Brief by Hal Walter
Climate – July 1996 – Colorado Central Magazine
Wet Mountain Valley ain’t so wet this summer
This summer the Wet Mountain Valley and surrounding ranges just aren’t wet at all. In fact they’re drier than a Baptist wedding.
How dry? Well, dry enough that the U.S. Forest Service is considering closing off all forest land to all activities, and the USDA Farm Service Agency is in the process of seeking a Non-insured Disaster Assistance Program (NAP) to help area hay farmers.
District Ranger Cindy Rivera of the forest service’s Cañon City office says she’s hoping against the total closure of all forest land, but the decision will be made by those higher up after discussion with district rangers such as herself, and careful consideration of fuel-moisture readings and weather forecasts in various forests. She says if a closure is ordered, it could cover only land deemed more at risk.
Rivera says a full lockout of forest lands would be harder to police than the current fire ban that has been in effect since May.
So far the fire ban has worked well in Rivera’s district. In one mid-June weekend, rangers checked 70 people with no citations being issued. In addition to open fires and charcoal grills, the fire ban also applies to smoking, welding, fireworks, and explosives, and requires that chain-saw users have a chemical pressurized fire extinguisher and shovel on hand. Violators face a minimum fine of $25, or a maximum fine of $5,000 and six months in jail.
Hopefully, fines similar to those won’t soon be in order for people who decide to take up lesser potential crimes such as hiking or bird-watching.
“Nobody really wants to go into a closure but if it’s necessary based on the science then we may have to,” says Rivera, who warns that the most dangerous time of fire danger — Independence Day — is fast upon us, with illegal fireworks and the highest use of the year.
Dry forests mean dry farmlands, according to Chuck Hanagan of the Farm Service Agency. Hanagan is the county executive director for the agency, overseeing Custer, Frémont, Chaffee and Lake counties.
Farmers in Custer County are hardest hit. Hanagan says Sangre de Cristo snowpack averages in April were just a little over half the normal average, and that during the month of May, an abnormally high percentage of that snow melted off early.
“Throughout the Wet Mountain Valley from the south end to Hillside and Texas Creek, you’ll find very few farmers who have got water at all,” he says. “A large percentage have received no irrigation water for this year.”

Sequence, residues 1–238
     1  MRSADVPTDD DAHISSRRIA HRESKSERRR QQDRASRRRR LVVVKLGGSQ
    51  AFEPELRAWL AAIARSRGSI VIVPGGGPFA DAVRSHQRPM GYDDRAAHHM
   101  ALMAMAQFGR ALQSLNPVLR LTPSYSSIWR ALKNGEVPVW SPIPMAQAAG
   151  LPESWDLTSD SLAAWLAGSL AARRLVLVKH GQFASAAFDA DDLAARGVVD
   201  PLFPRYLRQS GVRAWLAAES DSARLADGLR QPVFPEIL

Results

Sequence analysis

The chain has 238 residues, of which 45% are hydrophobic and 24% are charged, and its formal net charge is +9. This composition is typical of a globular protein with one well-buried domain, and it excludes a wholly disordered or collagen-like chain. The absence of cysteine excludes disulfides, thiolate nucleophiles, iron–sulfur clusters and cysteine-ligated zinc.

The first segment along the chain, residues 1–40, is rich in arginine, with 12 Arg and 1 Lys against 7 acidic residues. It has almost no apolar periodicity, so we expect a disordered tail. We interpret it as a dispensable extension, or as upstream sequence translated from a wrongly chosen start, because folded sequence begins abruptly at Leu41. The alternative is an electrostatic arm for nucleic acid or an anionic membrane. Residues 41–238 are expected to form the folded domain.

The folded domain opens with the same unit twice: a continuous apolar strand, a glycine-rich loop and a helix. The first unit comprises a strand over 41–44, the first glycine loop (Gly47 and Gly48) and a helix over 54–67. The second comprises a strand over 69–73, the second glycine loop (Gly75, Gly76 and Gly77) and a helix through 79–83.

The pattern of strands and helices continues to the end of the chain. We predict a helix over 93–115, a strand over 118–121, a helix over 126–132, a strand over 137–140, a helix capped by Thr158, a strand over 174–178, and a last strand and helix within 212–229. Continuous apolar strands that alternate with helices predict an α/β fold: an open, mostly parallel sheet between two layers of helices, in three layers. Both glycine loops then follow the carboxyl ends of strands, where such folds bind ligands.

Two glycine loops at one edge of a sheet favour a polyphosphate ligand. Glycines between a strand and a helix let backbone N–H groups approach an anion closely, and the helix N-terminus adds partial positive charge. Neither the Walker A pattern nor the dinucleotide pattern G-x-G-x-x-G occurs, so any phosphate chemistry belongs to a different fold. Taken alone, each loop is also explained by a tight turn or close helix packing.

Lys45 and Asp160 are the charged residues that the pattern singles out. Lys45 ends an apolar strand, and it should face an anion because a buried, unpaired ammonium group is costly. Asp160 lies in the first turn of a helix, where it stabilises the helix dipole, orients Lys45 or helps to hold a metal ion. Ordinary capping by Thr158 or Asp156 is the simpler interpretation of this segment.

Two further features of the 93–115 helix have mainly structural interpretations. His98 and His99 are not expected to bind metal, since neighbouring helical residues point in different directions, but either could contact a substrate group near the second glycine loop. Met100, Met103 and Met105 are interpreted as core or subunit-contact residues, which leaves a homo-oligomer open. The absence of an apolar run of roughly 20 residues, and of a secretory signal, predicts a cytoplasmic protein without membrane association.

As a result, Hanagan says less than half of the acreage normally producing hay will actually be harvested this year and he predicts the price per ton, usually about $95, could skyrocket to the $130 or $140 range.
Combine these high hay prices with the low price of beef cattle, and the drought-caused lack of available pasture, and you have a triple whammy for many ranchers. “You’re going to see some guys go out of business this year,” Hanagan says.
Hanagan says he is initiating the process of applying for the NAP funds since no federal crop insurance is available to hay farmers in Custer County. He says the Federal Crop Insurance Reform Act of 1994 did away with the traditional federal disaster programs for farmers.
“We’ll hopefully be able to reduce some of the financial losses some of these guys are having because of the catastrophic nature of this disaster,” Hanagan says. “I think we meet all the criteria. We’re having farmers come in to report their losses now.”
Both Hanagan and Rivera foresee dips in the local economies from to the drought.
Rivera points out that businesses serving tourists and campers who visit National Forest lands have already been hurt by the fire ban. “Fire bans tend to scare people, and part of camping to some people is to have a fire or at least a barbecue,” she says in acknowledging that camper numbers are already down this year. “A complete closure would have another cumulative effect on small businesses.”
And a good number of ranchers may be too busy eating their own cows to do any shopping locally. “If agriculture hurts, everybody hurts,” says Hanagan.
If it doesn’t start raining soon, some Central Colorado residents may learn this hard lesson the dry way.